UPREIT – Upfront Investment in Real Estate

UPREIT stands for “up-front investment in real estate” and gives an investor a stake in a real estate portfolio, instead of just a single property. An UPREIT is an excellent way to diversify an investor’s portfolio and eliminate dependence on one property. While real estate isn’t a liquid asset, REIT shares can be converted to cash or sold for a taxable gain. Moreover, investors who want more predictable income distributions can convert their real estate partnership units to REIT shares.

UPREIT structure

UPREIT structures allow the real estate owner to contribute property to an umbrella partnership. This property is usually subject to debt. The umbrella partnership exchanges limited partnership units for REIT shares and “put” options. Upon the death of the unit holder, these options can be exercised by the heirs. In that case, the heirs can avoid paying taxes on appreciation of the real estate property. UPREITs are a good choice for investors looking for an alternative exit strategy.

UPREITs are a great option for investors looking to diversify their investments and invest in properties with high appreciation potential. Unlike other types of investment vehicles, an UPREIT structure allows property owners to contribute assets to an “operating partnership” in exchange for interests in that partnership. The benefits of this arrangement are many. You’ll get to avoid taxes on appreciation of the real estate, while achieving diversification.

UPREIT Tax deferral

A tax deferral UPREIT is an investment vehicle in which you acquire shares in a real estate partnership in exchange for a real estate property. In this way, you avoid having to pay capital gains tax on the sale of your real estate. In addition, you defer your tax liability by transferring the units into your name, rather than on the property itself. In the US, these units are known as “units.”

When you make a contribution to an UPREIT partnership, you may not realize that the real property you are contributing is subject to debt. If you have debt on that property, the UPREIT will treat the reduction of the debt as a cash distribution, reducing your basis in the partnership. UPREITs can also avoid taxes on capital gains when real estate is sold to a third party. That’s a significant benefit, especially if you’re paying property taxes.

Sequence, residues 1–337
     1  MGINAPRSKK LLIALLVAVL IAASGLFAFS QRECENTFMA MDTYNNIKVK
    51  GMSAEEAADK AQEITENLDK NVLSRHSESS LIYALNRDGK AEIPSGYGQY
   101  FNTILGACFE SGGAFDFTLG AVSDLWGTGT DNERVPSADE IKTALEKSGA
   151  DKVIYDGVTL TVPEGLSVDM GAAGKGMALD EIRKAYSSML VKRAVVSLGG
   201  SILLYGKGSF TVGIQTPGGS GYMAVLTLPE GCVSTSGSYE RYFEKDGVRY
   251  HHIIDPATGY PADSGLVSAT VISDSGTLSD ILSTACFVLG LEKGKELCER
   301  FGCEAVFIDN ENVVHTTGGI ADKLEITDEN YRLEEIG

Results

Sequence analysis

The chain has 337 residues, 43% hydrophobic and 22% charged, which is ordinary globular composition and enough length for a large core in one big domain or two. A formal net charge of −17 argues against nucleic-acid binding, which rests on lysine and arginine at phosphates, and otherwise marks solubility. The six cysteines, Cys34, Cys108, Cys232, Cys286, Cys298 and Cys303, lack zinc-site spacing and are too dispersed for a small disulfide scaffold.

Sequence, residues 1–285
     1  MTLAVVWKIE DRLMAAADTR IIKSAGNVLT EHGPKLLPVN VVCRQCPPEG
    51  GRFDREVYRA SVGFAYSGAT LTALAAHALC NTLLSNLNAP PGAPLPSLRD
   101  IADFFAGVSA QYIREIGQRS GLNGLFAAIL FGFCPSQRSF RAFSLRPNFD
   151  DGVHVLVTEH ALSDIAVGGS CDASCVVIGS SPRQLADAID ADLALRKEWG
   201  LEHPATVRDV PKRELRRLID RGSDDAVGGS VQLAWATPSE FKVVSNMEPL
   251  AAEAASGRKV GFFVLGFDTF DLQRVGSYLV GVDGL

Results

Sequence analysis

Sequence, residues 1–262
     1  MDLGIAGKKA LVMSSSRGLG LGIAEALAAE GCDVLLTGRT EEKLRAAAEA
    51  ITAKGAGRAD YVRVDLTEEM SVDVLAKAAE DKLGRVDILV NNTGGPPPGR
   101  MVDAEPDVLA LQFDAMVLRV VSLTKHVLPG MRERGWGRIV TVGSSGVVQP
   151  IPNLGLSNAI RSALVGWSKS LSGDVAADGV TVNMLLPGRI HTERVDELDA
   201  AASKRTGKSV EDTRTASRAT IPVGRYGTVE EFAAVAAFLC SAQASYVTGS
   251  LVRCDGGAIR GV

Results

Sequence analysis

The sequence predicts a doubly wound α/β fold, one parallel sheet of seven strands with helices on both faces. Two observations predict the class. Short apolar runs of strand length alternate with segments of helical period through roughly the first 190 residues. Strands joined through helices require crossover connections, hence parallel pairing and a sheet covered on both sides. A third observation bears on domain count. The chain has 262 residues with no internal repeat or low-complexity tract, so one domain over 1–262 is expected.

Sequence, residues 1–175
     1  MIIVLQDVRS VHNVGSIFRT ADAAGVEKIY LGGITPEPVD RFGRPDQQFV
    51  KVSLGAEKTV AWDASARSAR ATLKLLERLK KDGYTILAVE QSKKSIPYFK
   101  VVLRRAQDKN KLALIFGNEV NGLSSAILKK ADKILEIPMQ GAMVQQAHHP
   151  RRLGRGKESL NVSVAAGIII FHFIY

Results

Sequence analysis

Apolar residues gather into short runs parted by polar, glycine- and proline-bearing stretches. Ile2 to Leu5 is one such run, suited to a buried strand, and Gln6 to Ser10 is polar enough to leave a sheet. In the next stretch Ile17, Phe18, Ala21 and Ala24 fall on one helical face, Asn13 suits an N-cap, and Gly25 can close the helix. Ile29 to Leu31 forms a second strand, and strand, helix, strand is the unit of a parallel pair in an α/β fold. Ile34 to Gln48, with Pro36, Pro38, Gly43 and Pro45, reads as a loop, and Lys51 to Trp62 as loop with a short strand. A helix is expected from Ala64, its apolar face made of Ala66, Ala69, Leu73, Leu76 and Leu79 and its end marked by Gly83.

Funds From Operation (FFO)

Investors often refer to the Funds From Operations (FFO) of an upreit as “net operating income,” but AFFO, or Adjusted Facts From Operations, is a more accurate measure of the cash flows generated by the real estate investment trust. This measure takes into account maintenance and other costs, such as roof replacements, re-carpeting, and painting projects. The income is then rounded to the nearest hundredth. Funds from operations can be used to evaluate the future cash flows of a REIT.

This measure of profitability is calculated using net income, or NOI, and depreciation and amortization. As with earnings per share, Funds From Operation is a key indicator of an upreit’s profitability. Funds from operation are often valued on a Price/FFO basis, which subtracts depreciation and amortization expense. Real estate assets typically depreciate over time, so subtracting depreciation from the FFO provides a more realistic picture of REIT’s financial health.

UPREIT Security loan option

If you’re considering an UPREIT security loan, consider the terms and conditions of your loan. The loan agreement is a legal document that involves the UPREIT and the lender. UPREIT guarantees certain obligations under the loan agreement. Borrowers must be in compliance with these obligations and covenants as of March 31, 2013.

UPREIT Tax implications

An UPREIT offers investors the benefits of a partnership without the limitations and complexity of a REIT. The investor can convert his limited partnership units into REIT shares or cash without the need to sell his property. While a limited partnership can be a great estate planning tool, a UPREIT can have broader tax implications. For one thing, a UPREIT allows the taxpayer to defer capital gains taxes while receiving dividend income from the partnership. The heirs of the partnership will benefit from the step-up in basis and no recapture of depreciation.

UPREITs are a great option for property owners, especially those who do not have the funds to invest in the real estate market. The benefits of these investments extend to individual property owners, as well as those with commercial property. Under a Section 721 exchange, property owners receive value in the form of UPREIT units. The transaction is not taxed and unitholders are taxed on the general REIT taxation standards. Some property owners may even use an UPREIT as part of estate planning. This way, they can avoid paying estate taxes.